China has continued its deliberate intent to make inroads in the Pacific as President Xi Jinping visited Papua New Guinea (PNG) ahead of the Asia-Pacific summit held on Thursday. The small island nation looked to give what it called an ‘excellent’ welcome to its esteemed guest.

The Asia-Pacific Economic Cooperation (APEC) forum convened in Port Moresby, where Australia and China held a fairly open phase of diplomatic questioning about how much influence each will allow the other to exert.

In recent weeks, China has called for both sides to keep cooperating, a sentiment echoed by Australian ministers. Prime Minister Scott Morrison has sought to balance this with strong rhetoric, warning China that ‘this is our patch’ with regard to the smaller Asia-Pacific nations that Australia has had a long relationship with.

PNG is one of the poorest nations in the Pacific region and is likely to try and welcome as much investment that might come its way as possible. The country’s Prime Minister, Peter O’Neill, ramped up the positive talk beforehand, saying that PNG would offer Xi ‘a very excellent traditional welcome.’

Given that Australia used to administer PNG, the long-standing ties between the two countries are inevitable. However, there are signs that China’s overtures could easily sway PNG. The latter has struggled to maintain a stable GDP and growth in the past but is known to be rich in some resources, which makes it well-positioned to receive certain types of investment. In recent years, both Australia and the US have shied away from PNG and allowed China to exert a greater influence.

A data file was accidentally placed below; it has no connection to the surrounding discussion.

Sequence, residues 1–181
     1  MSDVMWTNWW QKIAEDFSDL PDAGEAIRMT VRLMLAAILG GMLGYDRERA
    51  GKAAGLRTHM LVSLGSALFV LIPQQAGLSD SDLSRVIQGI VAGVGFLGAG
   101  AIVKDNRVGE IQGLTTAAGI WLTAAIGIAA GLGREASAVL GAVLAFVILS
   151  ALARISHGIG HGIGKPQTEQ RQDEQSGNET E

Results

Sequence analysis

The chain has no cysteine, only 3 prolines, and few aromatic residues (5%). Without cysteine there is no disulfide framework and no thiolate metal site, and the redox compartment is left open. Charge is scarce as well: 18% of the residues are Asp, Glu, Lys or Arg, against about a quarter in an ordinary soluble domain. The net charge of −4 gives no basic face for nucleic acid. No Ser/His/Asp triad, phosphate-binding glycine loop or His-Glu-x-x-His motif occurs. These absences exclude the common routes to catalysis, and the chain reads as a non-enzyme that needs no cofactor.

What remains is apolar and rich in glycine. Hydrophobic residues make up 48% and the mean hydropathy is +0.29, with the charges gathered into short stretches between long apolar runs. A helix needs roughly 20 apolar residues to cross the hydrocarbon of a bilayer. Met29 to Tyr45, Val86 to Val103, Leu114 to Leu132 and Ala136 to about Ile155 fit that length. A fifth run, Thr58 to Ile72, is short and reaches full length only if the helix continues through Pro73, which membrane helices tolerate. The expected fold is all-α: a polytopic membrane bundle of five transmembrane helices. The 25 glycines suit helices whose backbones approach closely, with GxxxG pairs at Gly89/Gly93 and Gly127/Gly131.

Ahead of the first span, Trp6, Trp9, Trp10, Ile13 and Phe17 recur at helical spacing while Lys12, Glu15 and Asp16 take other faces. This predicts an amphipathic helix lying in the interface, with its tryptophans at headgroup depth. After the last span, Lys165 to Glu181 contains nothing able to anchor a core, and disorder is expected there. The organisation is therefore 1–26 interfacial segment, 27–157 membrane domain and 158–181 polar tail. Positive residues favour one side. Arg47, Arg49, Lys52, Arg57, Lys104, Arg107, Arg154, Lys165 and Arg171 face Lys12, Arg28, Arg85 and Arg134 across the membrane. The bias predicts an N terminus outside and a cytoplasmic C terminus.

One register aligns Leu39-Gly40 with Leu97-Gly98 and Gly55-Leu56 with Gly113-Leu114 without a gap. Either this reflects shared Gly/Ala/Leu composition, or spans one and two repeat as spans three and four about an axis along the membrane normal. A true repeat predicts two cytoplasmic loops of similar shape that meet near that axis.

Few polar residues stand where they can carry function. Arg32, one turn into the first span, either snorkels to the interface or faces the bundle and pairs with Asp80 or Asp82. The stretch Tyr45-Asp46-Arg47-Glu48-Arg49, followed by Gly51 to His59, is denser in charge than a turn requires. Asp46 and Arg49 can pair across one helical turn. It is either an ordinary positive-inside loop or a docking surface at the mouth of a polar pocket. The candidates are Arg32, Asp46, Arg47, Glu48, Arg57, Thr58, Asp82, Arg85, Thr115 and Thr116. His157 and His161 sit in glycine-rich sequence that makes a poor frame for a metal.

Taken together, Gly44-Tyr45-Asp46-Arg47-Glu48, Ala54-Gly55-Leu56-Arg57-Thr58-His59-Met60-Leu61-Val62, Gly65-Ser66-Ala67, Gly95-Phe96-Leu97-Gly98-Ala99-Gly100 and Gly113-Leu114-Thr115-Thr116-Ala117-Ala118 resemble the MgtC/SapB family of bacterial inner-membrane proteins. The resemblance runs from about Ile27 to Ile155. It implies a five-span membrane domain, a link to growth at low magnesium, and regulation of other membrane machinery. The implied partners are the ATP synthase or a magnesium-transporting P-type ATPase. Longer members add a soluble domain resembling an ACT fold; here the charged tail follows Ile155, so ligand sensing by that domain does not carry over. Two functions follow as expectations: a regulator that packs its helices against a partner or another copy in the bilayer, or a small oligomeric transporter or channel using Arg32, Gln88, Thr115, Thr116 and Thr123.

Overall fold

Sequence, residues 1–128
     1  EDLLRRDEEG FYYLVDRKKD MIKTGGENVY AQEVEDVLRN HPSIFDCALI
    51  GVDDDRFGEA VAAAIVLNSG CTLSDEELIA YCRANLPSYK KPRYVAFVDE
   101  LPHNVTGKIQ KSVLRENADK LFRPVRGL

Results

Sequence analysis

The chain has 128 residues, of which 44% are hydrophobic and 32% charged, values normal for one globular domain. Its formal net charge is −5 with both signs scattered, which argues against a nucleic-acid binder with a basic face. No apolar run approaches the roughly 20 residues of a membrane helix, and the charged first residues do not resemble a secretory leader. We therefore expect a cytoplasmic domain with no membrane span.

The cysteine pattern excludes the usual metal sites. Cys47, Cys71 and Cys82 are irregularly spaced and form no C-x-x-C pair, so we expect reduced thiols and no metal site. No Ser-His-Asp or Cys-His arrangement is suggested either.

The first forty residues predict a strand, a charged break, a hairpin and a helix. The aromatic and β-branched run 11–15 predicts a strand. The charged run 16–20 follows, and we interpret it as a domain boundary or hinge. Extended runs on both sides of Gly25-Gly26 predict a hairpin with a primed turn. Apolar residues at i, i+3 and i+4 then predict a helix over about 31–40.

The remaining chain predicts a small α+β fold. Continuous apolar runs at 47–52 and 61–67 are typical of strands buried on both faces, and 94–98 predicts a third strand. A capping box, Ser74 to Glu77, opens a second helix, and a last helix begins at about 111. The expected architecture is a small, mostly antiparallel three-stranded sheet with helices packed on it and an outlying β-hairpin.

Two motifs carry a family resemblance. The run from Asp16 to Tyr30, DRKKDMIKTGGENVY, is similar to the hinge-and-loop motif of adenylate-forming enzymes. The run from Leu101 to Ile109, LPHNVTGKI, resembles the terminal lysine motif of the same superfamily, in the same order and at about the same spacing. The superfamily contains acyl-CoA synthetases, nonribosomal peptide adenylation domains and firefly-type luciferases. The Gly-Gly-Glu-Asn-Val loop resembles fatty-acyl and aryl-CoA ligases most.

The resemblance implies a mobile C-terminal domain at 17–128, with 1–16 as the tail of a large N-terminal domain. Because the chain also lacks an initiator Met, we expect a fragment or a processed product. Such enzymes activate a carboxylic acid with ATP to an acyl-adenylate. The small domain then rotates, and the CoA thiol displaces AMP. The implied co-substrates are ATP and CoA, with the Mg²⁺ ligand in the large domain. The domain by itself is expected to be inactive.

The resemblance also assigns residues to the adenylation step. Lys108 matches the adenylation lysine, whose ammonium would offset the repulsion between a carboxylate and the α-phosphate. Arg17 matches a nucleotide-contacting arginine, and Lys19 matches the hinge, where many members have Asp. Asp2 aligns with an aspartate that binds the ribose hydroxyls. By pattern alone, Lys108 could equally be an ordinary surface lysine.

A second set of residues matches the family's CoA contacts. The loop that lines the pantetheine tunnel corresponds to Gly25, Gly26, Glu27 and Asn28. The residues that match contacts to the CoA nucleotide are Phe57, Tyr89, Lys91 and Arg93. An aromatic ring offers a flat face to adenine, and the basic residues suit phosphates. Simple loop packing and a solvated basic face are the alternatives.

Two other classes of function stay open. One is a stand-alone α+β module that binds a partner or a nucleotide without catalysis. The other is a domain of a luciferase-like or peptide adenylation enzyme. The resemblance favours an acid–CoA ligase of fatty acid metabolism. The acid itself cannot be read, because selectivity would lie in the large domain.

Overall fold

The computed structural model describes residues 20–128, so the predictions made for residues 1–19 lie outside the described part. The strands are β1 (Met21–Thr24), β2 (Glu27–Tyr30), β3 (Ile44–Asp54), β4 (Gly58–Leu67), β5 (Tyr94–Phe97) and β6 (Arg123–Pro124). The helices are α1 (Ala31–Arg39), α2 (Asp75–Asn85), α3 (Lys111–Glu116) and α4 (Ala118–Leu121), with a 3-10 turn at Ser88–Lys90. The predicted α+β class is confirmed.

What this means for the future of PNG will be interesting to see, particularly because Australia has said that it still intends to control the Pacific sphere somewhat by making investments in telecommunications, technology, and military training in this region. Its move away from PNG when China is making waves seems to conflict with its previous assertions.

US President Donald Trump has stepped even further away, as he wishes to spar with China from home rather than in other territories. Trump sent US Vice President Mike Pence to APEC in his place. Pence will not be spending long in PNG and will fly in and out for the summit from a base in Northern Australia.

Although PNG is hosting APEC, Xi will use some time to hold bilateral talks with several other countries that are attending, including Fiji, Samoa, Vanuatu, Micronesia, Tonga, Niue and the Cook Islands. China should carry on with its aim of enticing the region with the announcement of a large investment package aimed at providing aid in key areas. Australia announced a similar plan in recent weeks, so China’s move seems to be a counter-measure to keep an even level of influence.

The APEC forum will likely center around just how intensely Australia, China, New Zealand and the US are vying for the Pacific region and what each can bring to the area.

Xi told press that he is excited by how China’s ties with PNG have grown and hailed this as the ‘epitome of China’s overall relations with Pacific Island countries.’